Kheema ghotala

Kheema ghotala

Curried minced meat scrambled with egg

Mr Todiwala's Bombay
Helen Cathcart

I am not sure it is possible to write any book on Bombay’s great cuisine culture and not include a kheema dish, whether it be eaten with soft rolls, bread or chapatti, or baked covered in mashed potato as a cottage pie. You can also add a couple of chopped tomatoes or add 3 tablespoons tomato ketchup and cook until well blended and the minced meat takes on a rich sheen.

Alternatively try our very own breakfast favourite kheema ghotala. It might sound strange to eat mince for breakfast but in Bombay this is a common delicacy. Heat levels differ and we always blend ours with bits of chopped green chilli which you can then pick out but the flavour remains. Just for interest, mutton is a general word in India for lamb, mutton or goat.


Quantity Ingredient
1/2 teaspoon ground turmeric
1 teaspoon chilli powder
2 teaspoons ground coriander
1 teaspoon ground cumin
1 teaspoon garam masala
200ml water
3 tablespoons vegetable or rapeseed oil
2 tablespoons ginger and garlic paste
or 5-6 garlic cloves, crushed, and 1 tablespoon grated fresh ginger
4-5 green chillies, seeded, if liked and chopped
2 onions, chopped
500g minced lamb, mutton or goat
1/2 lime, juiced
salt, to taste
1 tablespoon coriander leaves, chopped
1 tablespoon mint leaves, chopped
4 eggs, beaten


  1. Blend the spices with the water in a small bowl, cover and set aside.
  2. Heat a heavy-based saucepan, add the oil and, when a haze forms, add the garlic and ginger and the green chilli and sauté, stirring well with a wooden spatula to prevent sticking at the bottom.
  3. Once the paste colours lightly and becomes fragrant (but take care not to let it burn), add the onions and sautė until golden over a medium heat. Add a little water to deglaze the pan. Continue to sauté the onions adding water every now and again over a medium to low heat until the onions are very soft and pulpy.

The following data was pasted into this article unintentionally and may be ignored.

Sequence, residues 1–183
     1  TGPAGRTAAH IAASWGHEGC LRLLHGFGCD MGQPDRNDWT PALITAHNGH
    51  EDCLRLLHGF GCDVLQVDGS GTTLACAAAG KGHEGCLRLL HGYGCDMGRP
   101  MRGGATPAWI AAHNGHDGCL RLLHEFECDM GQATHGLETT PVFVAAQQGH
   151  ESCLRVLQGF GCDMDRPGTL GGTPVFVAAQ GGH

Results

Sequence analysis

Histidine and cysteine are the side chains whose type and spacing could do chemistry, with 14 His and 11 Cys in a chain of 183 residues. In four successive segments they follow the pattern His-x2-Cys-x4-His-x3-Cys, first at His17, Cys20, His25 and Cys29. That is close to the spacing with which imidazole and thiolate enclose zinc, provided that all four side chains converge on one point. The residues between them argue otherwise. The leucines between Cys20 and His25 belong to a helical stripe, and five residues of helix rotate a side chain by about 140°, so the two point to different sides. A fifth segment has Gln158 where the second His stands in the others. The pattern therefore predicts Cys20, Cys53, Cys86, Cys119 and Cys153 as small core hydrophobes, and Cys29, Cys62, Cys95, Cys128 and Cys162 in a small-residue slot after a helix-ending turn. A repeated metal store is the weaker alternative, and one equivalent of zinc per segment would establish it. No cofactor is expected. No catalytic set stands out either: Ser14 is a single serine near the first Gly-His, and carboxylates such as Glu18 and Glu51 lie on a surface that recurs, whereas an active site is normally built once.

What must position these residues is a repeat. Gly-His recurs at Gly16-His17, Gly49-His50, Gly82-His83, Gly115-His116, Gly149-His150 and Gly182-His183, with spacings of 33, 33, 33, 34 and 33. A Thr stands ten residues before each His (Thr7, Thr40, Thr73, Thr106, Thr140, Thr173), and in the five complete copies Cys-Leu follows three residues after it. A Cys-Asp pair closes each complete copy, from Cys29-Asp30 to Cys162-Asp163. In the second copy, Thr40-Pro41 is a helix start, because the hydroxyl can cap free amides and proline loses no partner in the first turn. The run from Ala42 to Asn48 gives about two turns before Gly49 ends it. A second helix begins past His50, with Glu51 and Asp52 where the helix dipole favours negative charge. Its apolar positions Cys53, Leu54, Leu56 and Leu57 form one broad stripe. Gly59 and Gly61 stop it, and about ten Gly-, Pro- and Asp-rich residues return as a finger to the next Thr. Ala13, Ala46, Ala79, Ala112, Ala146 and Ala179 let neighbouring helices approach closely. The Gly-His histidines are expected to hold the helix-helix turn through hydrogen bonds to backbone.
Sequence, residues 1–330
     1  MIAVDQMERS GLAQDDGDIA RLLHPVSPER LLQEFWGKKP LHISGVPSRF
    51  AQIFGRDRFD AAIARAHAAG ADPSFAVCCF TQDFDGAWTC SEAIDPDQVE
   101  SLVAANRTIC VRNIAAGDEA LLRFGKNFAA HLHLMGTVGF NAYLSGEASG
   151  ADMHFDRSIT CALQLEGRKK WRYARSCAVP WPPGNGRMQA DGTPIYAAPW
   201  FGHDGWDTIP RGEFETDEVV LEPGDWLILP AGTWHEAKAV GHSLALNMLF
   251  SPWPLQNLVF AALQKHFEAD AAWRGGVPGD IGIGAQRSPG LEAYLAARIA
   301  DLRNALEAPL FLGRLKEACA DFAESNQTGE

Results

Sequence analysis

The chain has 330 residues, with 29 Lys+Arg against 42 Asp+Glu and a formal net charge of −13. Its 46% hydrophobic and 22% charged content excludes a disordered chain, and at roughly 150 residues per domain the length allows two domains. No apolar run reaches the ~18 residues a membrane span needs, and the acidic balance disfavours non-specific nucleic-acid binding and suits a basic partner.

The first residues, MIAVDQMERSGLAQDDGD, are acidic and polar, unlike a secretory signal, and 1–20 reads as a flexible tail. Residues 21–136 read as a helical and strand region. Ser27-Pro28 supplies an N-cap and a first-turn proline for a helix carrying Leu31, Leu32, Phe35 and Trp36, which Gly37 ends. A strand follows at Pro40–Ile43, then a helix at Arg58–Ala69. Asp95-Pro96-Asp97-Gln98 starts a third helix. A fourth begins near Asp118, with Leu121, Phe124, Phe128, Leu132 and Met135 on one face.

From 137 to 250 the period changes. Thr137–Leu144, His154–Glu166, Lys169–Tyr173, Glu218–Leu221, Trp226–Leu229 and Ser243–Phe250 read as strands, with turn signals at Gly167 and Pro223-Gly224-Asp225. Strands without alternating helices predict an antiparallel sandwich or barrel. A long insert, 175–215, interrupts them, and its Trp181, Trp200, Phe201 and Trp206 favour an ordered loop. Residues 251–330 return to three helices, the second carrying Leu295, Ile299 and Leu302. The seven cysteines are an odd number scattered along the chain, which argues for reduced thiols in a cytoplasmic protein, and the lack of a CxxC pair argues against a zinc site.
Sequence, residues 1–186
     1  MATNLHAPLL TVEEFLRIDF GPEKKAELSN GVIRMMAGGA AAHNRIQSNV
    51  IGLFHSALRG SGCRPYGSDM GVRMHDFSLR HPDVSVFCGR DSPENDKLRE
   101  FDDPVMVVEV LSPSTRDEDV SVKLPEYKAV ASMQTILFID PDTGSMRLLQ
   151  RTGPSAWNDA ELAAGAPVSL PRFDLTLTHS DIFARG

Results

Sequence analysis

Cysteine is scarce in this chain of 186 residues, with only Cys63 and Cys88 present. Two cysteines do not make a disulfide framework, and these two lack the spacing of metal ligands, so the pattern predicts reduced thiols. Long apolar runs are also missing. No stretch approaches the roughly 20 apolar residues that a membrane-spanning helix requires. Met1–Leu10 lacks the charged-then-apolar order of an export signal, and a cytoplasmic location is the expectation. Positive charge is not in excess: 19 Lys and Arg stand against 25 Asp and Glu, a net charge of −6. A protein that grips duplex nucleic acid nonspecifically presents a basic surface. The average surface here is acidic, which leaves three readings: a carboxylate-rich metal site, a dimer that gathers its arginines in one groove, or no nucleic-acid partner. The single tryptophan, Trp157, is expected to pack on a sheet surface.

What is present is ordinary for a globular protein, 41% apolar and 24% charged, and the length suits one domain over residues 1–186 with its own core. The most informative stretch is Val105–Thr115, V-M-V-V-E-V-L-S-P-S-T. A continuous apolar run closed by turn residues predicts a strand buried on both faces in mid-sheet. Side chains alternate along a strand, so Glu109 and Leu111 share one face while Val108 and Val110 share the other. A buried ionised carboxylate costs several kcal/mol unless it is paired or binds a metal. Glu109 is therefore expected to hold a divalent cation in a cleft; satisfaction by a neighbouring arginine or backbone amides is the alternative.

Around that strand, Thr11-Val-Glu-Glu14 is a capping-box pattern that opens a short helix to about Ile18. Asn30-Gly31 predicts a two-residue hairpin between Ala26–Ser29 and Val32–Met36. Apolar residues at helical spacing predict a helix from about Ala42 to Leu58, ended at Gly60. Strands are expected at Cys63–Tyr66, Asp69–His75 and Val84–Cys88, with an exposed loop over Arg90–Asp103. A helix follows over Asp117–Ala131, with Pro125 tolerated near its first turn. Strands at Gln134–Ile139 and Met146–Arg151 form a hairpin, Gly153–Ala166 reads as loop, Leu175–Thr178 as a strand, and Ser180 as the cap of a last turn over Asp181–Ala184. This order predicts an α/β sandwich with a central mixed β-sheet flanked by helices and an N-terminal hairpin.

4. Now add the soaked spices (rinse out the bowl with a little more water and add that too) and sauté until you see the oil emerge, you might need to add a little water again to prevent sticking.
  5. Remove from the heat and add the mince. Work it in well with the spatula until it is totally broken up and blended very well into the masala. Return to the heat and cook stirring regularly until the meat is cooked and all the meat grains are separate.
  6. Season and stir in the lime juice and herbs. The kheema can now be served as suggested in the introduction or, for our breakfast dish, it’s time to add the ghotala which also, incidentally, means ‘confusion’. Simply pour the beaten eggs into the cooked kheema and stir gently over the heat until they are scrambled to your liking, but take care not to let it boil or the eggs will curdle. We like ours soft as it makes for a great filling in a soft breakfast roll but some prefer to cook it without stirring much, so the eggs set like an omelette. Either way the taste is superb and you will enjoy it!


  • If you cook a lot of Indian dishes, you could make a jar of garlic and ginger paste: simply peel a good-sized piece of fresh ginger and an equal volume of garlic cloves. Purée in a blender with a splash of water to form a smooth paste. Pack into a clean screw-topped jar, cover with a little sunflower or rapeseed oil to keep out the air, seal and store in the refrigerator. When you use some, re-cover with oil each time.
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